Ghost in the Wheel: Diagnosing ABS Wheel Speed Sensor Problems After a Collision

Oct 2016 | 0 comments

Learn how collision impact to the wheel speed sensor, the tone ring, or the wiring that transmits rotational speed data from the wheel to the ABS control module can “confuse” the computer, and what collision repair technicians should do about it.

2012 XC90 Front wheel speed sensor

After post-collision checks confirm that there are no leaking brake lines, you may be tempted to attribute any ongoing anti-lock brake system (ABS) performance problems to computer or other underhood components. Before you recommend swapping out the control module, brake fluid pump, or master cylinder, remember that key inputs to the ABS decision process originate at the wheels. The entire ABS operation is vulnerable to impact damage to the wheel speed sensor, tone ring, wiring, and brake lines, all of which are located on or near the wheels.

Erratic signals to the ABS control module, problems that do not set a code, or worse, brake pulsations that occur even though there has been no emergency braking situation or driver input all can result from failure to properly check and repair ABS wheel speed sensor issues after a collision.

Accurate real-time information about the rotational speed of each wheel is critical to the operation of anti-lock brake, traction control, stability control, and some suspension and steering systems. The ABS control module receives wheel speed information from a combination of a stationary speed sensor and a toothed wheel (reluctor/tone ring) that rotates with the axle at each wheel. As the tone ring rotates, it generates a magnetic field that is strongest near a tooth, and weakest in the gap between teeth.

The wheel speed sensor (WSS) converts the magnetic field into a voltage signal that appears on your scan tool or scope as either an alternating current sine wave, or a Hall Effect style digital square wave pattern, depending on the sensor technology on the vehicle. The frequency of the voltage signal varies with the speed of the wheel. The voltage data goes to the ABS control module, which uses it to actuate solenoids that increase, maintain, or decrease brake fluid pressure to each individual wheel. If the anti-lock brake system is performing erratically or not at all, one of the most likely causes is a control module that no longer sees a voltage signal for a given wheel, or sees a signal that is out of range.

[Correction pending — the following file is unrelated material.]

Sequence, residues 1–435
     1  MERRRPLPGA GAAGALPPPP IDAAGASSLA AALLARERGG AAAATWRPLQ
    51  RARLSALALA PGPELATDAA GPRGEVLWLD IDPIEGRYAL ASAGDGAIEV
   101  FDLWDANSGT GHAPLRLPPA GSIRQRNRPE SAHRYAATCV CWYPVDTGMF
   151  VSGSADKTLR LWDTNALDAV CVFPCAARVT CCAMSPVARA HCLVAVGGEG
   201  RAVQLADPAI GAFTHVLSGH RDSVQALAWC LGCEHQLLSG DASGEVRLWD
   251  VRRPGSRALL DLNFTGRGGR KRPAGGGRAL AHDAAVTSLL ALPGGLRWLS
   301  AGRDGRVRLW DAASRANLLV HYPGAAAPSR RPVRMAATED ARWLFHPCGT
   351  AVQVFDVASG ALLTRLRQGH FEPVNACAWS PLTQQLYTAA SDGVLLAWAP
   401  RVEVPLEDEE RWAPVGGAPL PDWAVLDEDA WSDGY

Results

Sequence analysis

The control module sets a fault code, and the ABS light comes on. Volvo diagnostic information suggests three possible causes to investigate first when you see a wheel speed sensor trouble code: a loose wheel speed sensor, damaged toothed wheel, or damaged cables.

Into the Gap

A major cause of ABS failure is a gap between the wheel speed sensor and the tone ring that has changed from the Volvo factory specification. When that happens, the voltage signal going to the ABS control module changes in frequency, or may cease being transmitted.

Collision impact can alter the gap in a variety of ways. Look for cracks in the tone ring, in the wheel speed sensor housing, or in the mounting that holds the WSS in position. Collision debris or rust lodged between the sensor and tone ring also can throw the gap out of spec. Missing or chipped teeth on the tone ring will alter the voltage signal.

Surf the wave (forms)

If you find no problems in a visual inspection, there may still be damage that is too small to easily see, or is hidden behind nearby components. Use your scan tool to check for fault codes. Each wheel speed sensor-related DTC you find will point to the individual wheel where a sensor is receiving or transmitting out-of-spec or no voltage data.